"Can gel electrophoresis separate the proteins in peanuts and peas?" Yes, this is possible. In summary, you can use a protocol to extract the protein material from peanuts and peas. You would then load the sample onto a gel and run it very much like the description provided on the Science Buddies project page you cite above. In the context of a common molecular biology lab setting this would be easy and straightforward to do. You would have all the materials you need. Can you make this type of preparations at home? For some of the aspects of the project, yes. I need to think some more about the details so that I can help you further. Why don't we do some research online and see what we find? I will work on this during the weekend. In the meantime, I would like to give you some clues as well as give you a list of the things we need to research or get more info about.

What I know for sure...
1. Can I use agarose gels to separate proteins? Yes. You can use agarose gels to separate big/large proteins.
2. How can I set up agarose gel electrophoresis? You have the answer to this- http://www.sciencebuddies.org/science-f ... p028.shtml
Is this the kit you purchased?

What I need more info on...
3. Can we design a protocol to extract protein from peanuts etc that does not use any hazardous materials that are also easily available commercially to the common citizen?
4. Once we run the gel we need to have a way to stain it to see the "data" or where the proteins are...can we do this using a protocol that does not use any hazardous materials that are also easily available commercially to the common citizen?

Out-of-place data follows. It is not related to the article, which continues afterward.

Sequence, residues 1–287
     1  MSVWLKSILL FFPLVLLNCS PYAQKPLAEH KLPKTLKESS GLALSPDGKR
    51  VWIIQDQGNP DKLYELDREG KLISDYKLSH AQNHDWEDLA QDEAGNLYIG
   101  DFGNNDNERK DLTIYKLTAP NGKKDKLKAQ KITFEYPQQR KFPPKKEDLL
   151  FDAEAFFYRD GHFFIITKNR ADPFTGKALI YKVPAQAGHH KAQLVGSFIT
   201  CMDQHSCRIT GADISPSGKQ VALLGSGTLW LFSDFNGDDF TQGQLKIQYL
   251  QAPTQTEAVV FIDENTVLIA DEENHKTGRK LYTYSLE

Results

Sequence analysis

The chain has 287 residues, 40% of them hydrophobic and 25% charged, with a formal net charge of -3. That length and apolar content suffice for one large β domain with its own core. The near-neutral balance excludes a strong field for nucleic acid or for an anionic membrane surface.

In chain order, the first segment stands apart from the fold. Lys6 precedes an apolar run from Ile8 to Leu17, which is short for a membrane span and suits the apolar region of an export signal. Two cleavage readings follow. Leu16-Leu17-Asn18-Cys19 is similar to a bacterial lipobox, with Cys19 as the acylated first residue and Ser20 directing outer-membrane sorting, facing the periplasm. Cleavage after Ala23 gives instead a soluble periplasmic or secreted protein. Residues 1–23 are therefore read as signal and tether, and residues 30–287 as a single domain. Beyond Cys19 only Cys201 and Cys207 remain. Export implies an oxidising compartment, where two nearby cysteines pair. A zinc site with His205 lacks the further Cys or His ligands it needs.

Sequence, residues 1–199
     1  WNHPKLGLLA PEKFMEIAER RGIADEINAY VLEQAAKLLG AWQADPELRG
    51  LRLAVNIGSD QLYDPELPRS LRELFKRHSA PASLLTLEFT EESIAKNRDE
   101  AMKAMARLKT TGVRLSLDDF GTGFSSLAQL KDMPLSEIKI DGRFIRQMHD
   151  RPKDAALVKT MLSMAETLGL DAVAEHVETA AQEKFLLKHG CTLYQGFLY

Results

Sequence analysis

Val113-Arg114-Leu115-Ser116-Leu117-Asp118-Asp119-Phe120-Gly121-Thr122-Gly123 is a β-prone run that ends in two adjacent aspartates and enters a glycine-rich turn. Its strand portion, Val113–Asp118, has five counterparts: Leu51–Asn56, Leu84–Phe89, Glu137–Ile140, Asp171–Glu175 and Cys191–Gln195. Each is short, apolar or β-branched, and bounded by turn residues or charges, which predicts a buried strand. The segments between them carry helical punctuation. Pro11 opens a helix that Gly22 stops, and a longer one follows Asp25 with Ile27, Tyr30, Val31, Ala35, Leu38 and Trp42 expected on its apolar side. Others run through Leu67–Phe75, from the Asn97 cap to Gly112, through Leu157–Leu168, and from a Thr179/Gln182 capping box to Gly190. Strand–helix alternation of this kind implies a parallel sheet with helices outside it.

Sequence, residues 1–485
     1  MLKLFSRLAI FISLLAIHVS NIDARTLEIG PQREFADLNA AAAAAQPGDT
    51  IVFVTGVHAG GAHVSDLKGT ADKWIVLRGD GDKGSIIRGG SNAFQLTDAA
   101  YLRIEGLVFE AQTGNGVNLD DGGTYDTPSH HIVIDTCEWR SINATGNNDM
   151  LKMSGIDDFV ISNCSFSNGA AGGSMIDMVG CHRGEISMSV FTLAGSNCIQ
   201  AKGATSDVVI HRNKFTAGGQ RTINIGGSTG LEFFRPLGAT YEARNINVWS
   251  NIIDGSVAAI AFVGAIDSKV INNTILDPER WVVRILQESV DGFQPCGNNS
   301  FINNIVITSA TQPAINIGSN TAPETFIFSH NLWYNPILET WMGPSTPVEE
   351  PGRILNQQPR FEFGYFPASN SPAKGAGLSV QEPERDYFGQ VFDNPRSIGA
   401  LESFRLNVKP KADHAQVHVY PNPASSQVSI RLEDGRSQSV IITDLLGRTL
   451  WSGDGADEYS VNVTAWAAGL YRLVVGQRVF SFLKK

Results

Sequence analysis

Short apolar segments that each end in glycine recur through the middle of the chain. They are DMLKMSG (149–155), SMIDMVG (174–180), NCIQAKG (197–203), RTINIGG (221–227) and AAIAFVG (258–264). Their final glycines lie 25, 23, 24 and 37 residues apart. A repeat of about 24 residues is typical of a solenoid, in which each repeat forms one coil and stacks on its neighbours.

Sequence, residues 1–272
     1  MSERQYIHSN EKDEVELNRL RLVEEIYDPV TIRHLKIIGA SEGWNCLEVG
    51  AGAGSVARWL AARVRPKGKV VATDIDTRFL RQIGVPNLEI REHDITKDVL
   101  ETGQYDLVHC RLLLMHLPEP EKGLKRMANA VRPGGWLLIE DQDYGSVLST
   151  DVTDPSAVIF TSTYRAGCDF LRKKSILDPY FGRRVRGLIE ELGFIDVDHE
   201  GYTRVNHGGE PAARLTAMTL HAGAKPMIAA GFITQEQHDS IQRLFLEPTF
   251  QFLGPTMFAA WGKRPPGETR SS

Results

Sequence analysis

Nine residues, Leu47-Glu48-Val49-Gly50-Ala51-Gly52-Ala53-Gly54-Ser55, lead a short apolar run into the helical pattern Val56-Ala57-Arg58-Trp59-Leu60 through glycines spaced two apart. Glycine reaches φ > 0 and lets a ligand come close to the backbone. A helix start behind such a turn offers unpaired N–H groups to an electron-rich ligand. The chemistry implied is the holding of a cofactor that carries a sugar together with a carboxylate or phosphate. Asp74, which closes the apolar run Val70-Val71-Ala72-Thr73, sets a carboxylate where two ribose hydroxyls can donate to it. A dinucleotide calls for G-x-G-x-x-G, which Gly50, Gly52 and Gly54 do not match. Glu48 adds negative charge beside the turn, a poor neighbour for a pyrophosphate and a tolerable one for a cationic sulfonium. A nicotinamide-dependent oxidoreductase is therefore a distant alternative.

If you wanted to do a similar set of experiments but looking at DNA, questions 3 and 4 would still need to be answered. Usually DNA is visualized using dyes that intercalate into the DNA (and considered mutagenic, lead to mutations). To visualize this type of staining one would need UV light as well. These things are not safe when done outside the laboratory setting. For this reason these type of dyes are probably very hard to obtain outside of the context of the research lab. Also, if you were succesfull at doing this with DNA, you would, essentially be isolating really large pieces of DNA, and you would see "blobs" on your gel after visualizing it. I am not sure you could do much in terms of data interpretation with those pieces of data. This would also sort of be the case with detecting/visualizing overall protein context without more refined specificity.

I will start working on questions 3 and 4 ASAP. In the meantime, you can do the same and we can compare notes. Also, you may want to continue thinking about what other things you'd like/could look at in the context of using electrophoresis as a technique.

A potential idea would be- sticking to samples that, intrinsically, have a way to be detected (visualized) and you do not have to find ways to stain for them. Beets have a very strong color to them- they contain natural dyes that can be separated using techniques like chromatography and electrophoresis. This is the same concept as with food coloring. Can you think of another natural product that has a strong color? Chances are that its "dyes" can also be separated into its different components. You could then compare the electrophoresis patterns. Another idea-You could pick two natural products that share a similar color and see if their "dye components" are similar?